[Python-ideas] Using only patches for pulling changes in hg.python.org

Thomas Jollans thomas at jollans.com
Mon Jul 5 11:42:25 CEST 2010

On 07/05/2010 09:30 AM, M.-A. Lemburg wrote:
> Thomas Jollans wrote:
>> On 07/04/2010 03:53 PM, Tarek Ziadé wrote:
>>> Do you have an easy way to perform this cleanup ? Could you propose a
>>> process here ?
>>> I am bit skeptical that contributors will do this, whereas a patch
>>> policy makes sure we don't have to deal with this, and avoid asking
>>> people to have a high mercurial-fu. I am also skeptical that
>>> contributors are willing to digg into a clone to get what they want
>>> and/or check that it's fine to pull.
>>> It seems to me that patches are the universal format to propose a
>>> change and are easy to produce and consume. Contributors can use any
>>> process they want to create it, even without using mercurial.
>> There's no reason to force those of us capable of producing clean hg
>> branches back into the world of patches. I can see why you'd want to be
>> able to say "no, this repo is a mess. Submit something presentable, like
>> a patch." Some "how to contribute" document might recommend using mq,
>> but it shouldn't be a requirement - pulling comes naturally with DVCS.
>> Python should use it.
>> Accept patches - sure - not everyone uses mercurial. Require patches -
>> please don't!
> I'm with Tarek here: the only way for core developers to be able to
> review checkins on the checkins list is by looking at the patches
> that go in.
> Having to look at 10+ checkin emails for a single "patch" will
> break this review process - no-one will be able to follow what
> a particular pulled set of changes will do in the end, compared
> to what we had in the repo before the pull. As a result, the
> review process will no longer be possible.

If the problem is the amount of changesets per "patch", then it has to
be the responsibility of the person committing - be that a core dev or
an external contributor - to make sure it's only a single changeset.
OTOH, I don't think being that strict about it is a good idea - in many
cases, having a handful of changesets is, IMHO, better, with Mercurial.

Either way, if there is some sort of policy stating how changes should
look, I for one would be happy to publish a branch on bitbucket or my
own hgweb instance in that format. Permitting text patches is a must,
but requiring text patches when we have actual distributed branching is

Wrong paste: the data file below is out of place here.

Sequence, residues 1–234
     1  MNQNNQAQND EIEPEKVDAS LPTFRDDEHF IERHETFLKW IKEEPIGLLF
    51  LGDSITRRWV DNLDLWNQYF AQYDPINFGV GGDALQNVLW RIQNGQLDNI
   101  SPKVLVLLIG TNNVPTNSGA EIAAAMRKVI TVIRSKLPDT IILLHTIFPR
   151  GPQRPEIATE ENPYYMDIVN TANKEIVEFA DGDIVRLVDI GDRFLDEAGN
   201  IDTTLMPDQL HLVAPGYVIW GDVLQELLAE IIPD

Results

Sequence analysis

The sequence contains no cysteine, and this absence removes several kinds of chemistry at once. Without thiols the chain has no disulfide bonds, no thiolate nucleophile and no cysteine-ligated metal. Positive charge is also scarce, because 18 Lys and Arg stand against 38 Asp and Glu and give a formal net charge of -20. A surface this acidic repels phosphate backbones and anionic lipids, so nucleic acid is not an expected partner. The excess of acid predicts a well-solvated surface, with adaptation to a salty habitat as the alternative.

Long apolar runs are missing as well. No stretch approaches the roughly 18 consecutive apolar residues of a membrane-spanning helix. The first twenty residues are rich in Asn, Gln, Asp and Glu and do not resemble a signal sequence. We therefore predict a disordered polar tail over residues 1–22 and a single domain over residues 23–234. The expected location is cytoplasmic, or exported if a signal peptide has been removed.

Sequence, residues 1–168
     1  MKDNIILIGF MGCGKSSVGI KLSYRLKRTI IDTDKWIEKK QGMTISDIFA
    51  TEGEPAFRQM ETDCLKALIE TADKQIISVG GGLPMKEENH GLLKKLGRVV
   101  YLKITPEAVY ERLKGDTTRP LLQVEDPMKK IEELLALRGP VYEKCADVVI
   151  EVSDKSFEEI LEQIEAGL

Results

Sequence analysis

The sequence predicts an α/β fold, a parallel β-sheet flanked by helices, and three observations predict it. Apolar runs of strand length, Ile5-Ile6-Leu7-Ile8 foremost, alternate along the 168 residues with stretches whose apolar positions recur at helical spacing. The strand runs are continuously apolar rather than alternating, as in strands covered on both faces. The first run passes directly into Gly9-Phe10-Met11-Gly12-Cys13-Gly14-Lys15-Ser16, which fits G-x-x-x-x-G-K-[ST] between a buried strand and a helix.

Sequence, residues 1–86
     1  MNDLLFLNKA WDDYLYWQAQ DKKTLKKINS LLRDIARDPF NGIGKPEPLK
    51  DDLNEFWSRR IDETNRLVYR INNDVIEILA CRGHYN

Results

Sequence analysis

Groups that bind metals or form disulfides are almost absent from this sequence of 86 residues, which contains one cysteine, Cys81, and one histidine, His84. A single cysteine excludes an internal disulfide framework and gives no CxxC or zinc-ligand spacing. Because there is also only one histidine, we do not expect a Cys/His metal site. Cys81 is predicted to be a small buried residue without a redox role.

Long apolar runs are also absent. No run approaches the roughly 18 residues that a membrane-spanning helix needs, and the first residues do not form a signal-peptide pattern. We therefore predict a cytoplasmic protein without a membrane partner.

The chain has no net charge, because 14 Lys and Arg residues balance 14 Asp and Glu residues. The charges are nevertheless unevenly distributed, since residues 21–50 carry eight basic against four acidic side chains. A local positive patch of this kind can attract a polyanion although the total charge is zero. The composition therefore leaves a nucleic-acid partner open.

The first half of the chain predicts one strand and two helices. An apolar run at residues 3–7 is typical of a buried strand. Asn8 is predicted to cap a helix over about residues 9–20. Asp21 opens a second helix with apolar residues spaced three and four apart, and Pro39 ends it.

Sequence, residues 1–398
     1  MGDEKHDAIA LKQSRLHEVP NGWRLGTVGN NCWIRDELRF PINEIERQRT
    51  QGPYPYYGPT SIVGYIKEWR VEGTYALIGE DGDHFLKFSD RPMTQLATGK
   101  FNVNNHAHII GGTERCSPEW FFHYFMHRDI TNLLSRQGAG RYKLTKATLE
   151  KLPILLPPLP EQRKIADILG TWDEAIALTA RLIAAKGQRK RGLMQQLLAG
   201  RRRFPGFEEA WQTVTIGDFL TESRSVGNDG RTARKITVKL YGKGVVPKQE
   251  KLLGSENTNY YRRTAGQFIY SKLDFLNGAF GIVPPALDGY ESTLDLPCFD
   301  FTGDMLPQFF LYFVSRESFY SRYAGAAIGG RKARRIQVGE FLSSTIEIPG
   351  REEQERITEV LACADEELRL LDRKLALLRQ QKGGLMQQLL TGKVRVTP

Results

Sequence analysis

quite the anachronism.

> As example, see Tarek's pull/push of the distutils2 work. Those
> checkin email will just rush by and not get a second or third
> review.

If the problem is the amount of emails per "patch" then, for god's sake,
change the script that writes the emails to send a mail per push,
instead of a mail per commit !

DVCSs allow one to have small, atomic (but, of course, inter-dependent)
commits, and push them later. I myself feel that this property should be
valued, not feared.

> OTOH, I don't think that requiring to open a ticket on the tracker
> for everything is needed either.
> Aside 1: Isn't it interesting that the more we actually think about
> moving to Mercurial, the more we find that the existing Subversion
> model of working is actually a very workable model for a large
> open source project ?!

It's all a question of how changes are reviewed and synchronised. Of
course, the Python subversion model works, no question. The specific
approach "turn every commit into an email for proof reading" appears to
work well with it. It may not work as well with hg. It may work better
if you s/commit/push/ instead of s/commit/changeset/. Other projects
work in a more distributed fashion, with developers' private
repositories, changes being reviewed before pulling/merging. Linux is,
of course, a prominent example. If this approach is for Python, I don't
know. I doubt it, at least for the time being. But a suitable workflow
will surely be found.

Ah well, we'll see what happens.


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